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Foni Kansala NAM Tables Women Amendment 2024 Before Lawmakers 

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Honorable Almameh Gibba National Assembly Member For Foni Kansala Constituency

By Ramatoulie Jawo 

Honorable Almameh Gibba, the National Assembly member representing Foni Kansala constituency, tabled the Women Amendment Bill 2024 on Monday, March 4th, 2024. The bill aims to revoke the prohibition on Female Genital Mutilation (FGM) in The Gambia.

The proposed legislation aims to amend section 32 of the Women’s Act 2010, specifically addressing the criminalization of female circumcision and related matters.

Advocates of this amendment argue that FGM holds deep roots within Gambian ethnic, traditional, cultural, and religious beliefs. They contend that upholding this practice is essential for preserving religious sanctity and safeguarding cultural heritage.

Supporters of the bill view the current ban on FGM as a violation of citizens’ rights to freely engage in their cultural and religious practices as enshrined in the Constitution.

The presentation of the bill sparked a contentious debate between Islamic groups, advocating for the cultural practice, and anti-FGM organizations, opposing it, within the National Assembly chambers and its vicinity.

Imam Abdullah Fatty, representing Islamic groups, emphasized the religious allowance of female circumcision in Islam, urging lawmakers to repeal the ban. He clarified the distinction between FGM and female circumcision according to Islamic teachings, citing religious scholars’ interpretations.

“Female Genital Mutilation (FGM) is to cut some of the private part of the female genital Circumcision is related to the clitoris, not the genital part So this is the difference. We are advised to take a piece of skin small piece of skin from the clitoris And Dr. Jack Faal has emphasized that if you do it accordingly according to Sharia, no harmful there,” he said. 

He mentioned that numerous individuals engaged in the struggle are Muslims, though their expertise in Islamic knowledge varies, much like our differing levels of proficiency in English.

“Female circumcision is allowed in Islam. Some scholars said it is compulsory. Other scholars said it is Sunnah, It is not a force. For many years, no one was forced to practice it,” he said. 

Conversely, Anna Njie, president of the female lawyer’s association, expressed disappointment with the potential repeal, highlighting the organization’s longstanding efforts to protect women’s and children’s rights. Njie emphasized the importance of separating FGM from religious justifications and urged consideration of its medical implications.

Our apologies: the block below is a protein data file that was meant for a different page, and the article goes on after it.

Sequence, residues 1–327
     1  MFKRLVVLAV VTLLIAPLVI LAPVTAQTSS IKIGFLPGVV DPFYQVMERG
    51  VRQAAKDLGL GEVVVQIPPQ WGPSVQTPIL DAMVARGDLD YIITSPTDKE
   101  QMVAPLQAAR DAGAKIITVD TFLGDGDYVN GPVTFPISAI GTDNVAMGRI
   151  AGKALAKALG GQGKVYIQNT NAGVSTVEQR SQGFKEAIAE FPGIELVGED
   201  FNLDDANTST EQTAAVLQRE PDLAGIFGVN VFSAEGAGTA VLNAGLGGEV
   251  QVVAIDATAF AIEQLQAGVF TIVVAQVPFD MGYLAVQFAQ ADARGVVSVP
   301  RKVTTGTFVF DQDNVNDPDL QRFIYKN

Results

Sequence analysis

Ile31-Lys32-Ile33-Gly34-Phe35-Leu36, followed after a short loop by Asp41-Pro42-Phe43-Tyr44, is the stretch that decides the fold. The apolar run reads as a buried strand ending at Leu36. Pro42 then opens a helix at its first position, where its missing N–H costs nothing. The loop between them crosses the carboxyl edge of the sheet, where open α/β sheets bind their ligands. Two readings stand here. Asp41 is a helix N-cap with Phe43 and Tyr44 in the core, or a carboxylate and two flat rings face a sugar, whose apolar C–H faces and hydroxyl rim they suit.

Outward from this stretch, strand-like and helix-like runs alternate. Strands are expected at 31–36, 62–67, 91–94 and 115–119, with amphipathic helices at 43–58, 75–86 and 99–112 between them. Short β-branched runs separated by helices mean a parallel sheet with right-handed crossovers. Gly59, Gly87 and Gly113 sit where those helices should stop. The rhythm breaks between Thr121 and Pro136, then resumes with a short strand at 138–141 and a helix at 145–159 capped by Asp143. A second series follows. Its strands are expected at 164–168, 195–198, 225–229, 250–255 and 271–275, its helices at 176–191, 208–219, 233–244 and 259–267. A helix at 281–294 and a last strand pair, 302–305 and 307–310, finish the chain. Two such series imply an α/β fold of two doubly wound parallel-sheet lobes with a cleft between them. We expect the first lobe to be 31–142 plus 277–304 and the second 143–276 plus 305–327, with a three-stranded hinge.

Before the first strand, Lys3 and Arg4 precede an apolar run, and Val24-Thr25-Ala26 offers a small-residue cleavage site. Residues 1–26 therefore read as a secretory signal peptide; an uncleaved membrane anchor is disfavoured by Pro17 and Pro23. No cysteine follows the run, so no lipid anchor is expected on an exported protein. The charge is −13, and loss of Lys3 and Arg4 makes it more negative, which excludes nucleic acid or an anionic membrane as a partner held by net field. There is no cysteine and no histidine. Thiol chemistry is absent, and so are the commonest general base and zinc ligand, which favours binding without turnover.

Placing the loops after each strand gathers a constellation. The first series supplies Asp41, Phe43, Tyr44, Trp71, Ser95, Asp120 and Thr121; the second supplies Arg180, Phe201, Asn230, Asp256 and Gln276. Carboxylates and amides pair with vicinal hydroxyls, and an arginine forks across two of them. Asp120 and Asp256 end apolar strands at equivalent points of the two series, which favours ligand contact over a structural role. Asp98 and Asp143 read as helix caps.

“And it’s important as a country that we put the issue of FGM away from religion. I know there has been a lot of debate that it’s something that has been recommended in some hadiths teachings and sayings of the Prophet Muhammed, but at the end of the day, I think what is important is even if this is a culture that has been practiced so many years whether religion or tradition, what are the medical implications? I think that’s what we need to think about as a country,” she said. 

She stressed that the passing of a bill is a right given to the national assembly, and you cannot stop them from doing it, but there are other rights that are provided in the constitution and if it has to do with the implementation if there is any legal avenue that we can take to stop the implementation we will take it.

In response, Honorable Ahmameh Gibba, the bill’s proponent, stressed the need for equality in allowing individuals the choice to practice or abstain from female circumcision. Gibba urged fellow parliamentarians not to succumb to external pressures and emphasized the importance of legislative decisions reflecting the will of the Gambian people.

Gibba cited instances of arrests and prosecutions related to FGM in 2023 and underscored the necessity of laws aligning with the aspirations of the populace. Despite potential opposition, Gibba reiterated the necessity of parliamentary prerogative in shaping laws, while acknowledging avenues for legal recourse if implementation conflicts arise.

“In 2023 alone, about five arrests and prosecutions have taken place. In setting laws for the human beings it has to be in the wish and aspiration of those people and in which female circumcision is not an exception,” he said.

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